Well we passed a very special this past week. Didn’t you notice Sunday’s date – October, 10 2010.
Is it registering yet? You got it! It was 10/10/10!
Now doesn’t the day seem a lot more special?
Not for me.
I was reading this article about how once again there was this huge rush of couples scrambling to get married on that date to take advantage of this once in a century milestone. I think everyone was thinking this ‘Perfect Ten Day’ was going to be a much more prosperous day for newlywed to take their vows and people felt really fortunate that this opportunity came along. To even go further with this couples exchanged vows at the exact time of 10:10.
Are these people friggin’ kidding me?
I did a rant about this before. Last time it was 7/7/07. Then 8/8/08. THEN 9/9/09! That was the last time all these kooks planned their futures based on the date. Apparently seven isn’t the only lucky number. In China the date of 10/10/10 is referred to in rough translation as – “perfect in every way”. So naturally thousands of couples – whose probably the closest they’ve come to studying Chinese culture is reading a menu at a Chinese restaurant – choose to start their wedded life on this sacred date.
I just never understand it. I don’t even grasp why lottery players would play those particular numbers on that day hoping they’ll come up in the big sweepstakes. Isn’t it more likely that it’s just a random series of numbers that don’t have any deep, significant meaning other than coincidence. That this one day happens to correspond to a random series of numbers that might look cool on our calendar, but really doesn’t hold any more meaning than that and won’t be affecting anything other than people’s heads?
Ok, let’s say the Cosmos is really using some ‘Master Plan’ and certain times and dates are special and it’s basing its whole scheme on some kind of time template. Why the heck does everyone assume it’s going to follow the same calendar we’re using? The Universe has been around a lot longer than us, so don’t you think before we came along it had worked out it’s own way of keeping time? We’re so extraordinarily special that it decided to change it’s time-keeping ways and switch to ours? Our calendar is so special that naturally everything is going to be broken down by our system of days, weeks, months and years? Would the Cosmos really feel a need to observe daylight savings time and keep up with our changes?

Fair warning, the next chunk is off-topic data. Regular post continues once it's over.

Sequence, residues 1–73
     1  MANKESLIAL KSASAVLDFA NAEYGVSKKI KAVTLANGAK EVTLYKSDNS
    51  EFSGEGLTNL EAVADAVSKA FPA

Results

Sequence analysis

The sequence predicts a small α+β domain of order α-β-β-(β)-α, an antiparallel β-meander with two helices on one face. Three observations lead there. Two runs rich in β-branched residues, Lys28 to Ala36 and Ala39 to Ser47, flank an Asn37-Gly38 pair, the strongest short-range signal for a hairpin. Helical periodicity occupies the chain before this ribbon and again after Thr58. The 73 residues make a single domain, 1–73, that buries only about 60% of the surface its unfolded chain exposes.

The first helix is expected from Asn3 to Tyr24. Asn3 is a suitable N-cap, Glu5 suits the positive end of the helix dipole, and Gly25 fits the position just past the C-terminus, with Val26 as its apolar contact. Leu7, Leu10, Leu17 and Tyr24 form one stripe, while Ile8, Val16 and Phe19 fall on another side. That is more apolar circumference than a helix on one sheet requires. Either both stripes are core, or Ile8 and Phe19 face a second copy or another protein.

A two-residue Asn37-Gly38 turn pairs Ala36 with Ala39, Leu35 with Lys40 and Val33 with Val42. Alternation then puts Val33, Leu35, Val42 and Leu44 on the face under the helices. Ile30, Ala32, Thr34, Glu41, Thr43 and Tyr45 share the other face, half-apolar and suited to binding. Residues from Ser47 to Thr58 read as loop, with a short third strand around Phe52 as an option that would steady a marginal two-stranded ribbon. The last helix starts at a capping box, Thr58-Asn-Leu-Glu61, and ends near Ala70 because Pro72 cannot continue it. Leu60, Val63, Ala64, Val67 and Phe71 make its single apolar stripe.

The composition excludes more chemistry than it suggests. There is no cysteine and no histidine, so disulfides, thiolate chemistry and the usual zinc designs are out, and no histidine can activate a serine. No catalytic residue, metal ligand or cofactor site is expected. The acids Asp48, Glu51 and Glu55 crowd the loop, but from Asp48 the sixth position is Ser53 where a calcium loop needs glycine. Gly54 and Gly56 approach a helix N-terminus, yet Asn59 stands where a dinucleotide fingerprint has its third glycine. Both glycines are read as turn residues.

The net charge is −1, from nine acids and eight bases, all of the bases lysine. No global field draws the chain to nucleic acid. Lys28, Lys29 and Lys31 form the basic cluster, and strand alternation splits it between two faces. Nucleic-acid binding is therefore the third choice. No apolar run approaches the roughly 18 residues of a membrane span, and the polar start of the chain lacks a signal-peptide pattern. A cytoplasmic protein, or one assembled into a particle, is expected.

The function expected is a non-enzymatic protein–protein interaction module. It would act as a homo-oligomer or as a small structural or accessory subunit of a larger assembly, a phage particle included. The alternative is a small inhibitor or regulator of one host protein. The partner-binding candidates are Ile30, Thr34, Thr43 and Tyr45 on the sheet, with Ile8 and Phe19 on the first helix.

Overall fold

And what time would the Cosmos actually set its watch to? Eastern, standard, mountain? Would it even be using the U.S. time zones? Why would it even be using Earth’s times? One of our days on Earth would equal about 2/3 of that day on Neptune. Does that mean Neptune is all goofed with its special days or it keeps track differently? Is the Cosmos just disregarding the other planets and thought it would concentrate on the neat blue/green one where all the creatures have cell phones?
Suppose there are aliens on some distant planet that we’re not even aware of and they have their own kind of time system. Are they left out of this? Do they not count in the grand scheme of things? Will this ‘perfect ten’ day just pass by them without them realizing it unless they ordered some Earth calendar from Amazon?
The only benefit I see with planning your wedding on this 10/10/10 day is the fact that your future anniversaries will be easier to remember for the absent-minded husband. And if you need to go through that much trouble to him to remember that important day…..well rethinking the whole marriage thing might be a good idea. Either that or the new bride should practice a lot of patience before diving into this marriage.
Anyway, that’s my little rant on that ‘Perfect Ten Day’. Maybe the Cosmos really cares if all these couples actually enjoy wedded bliss since they were smart enough to plan their nuptials on that ‘Perfect Day’. I’m betting not though.
At least we only have to read about this two more time before 2013 hits and then we’ll all be subjected to a long stretch of unlucky and imperfect choices for wedding dates for the next hundred years.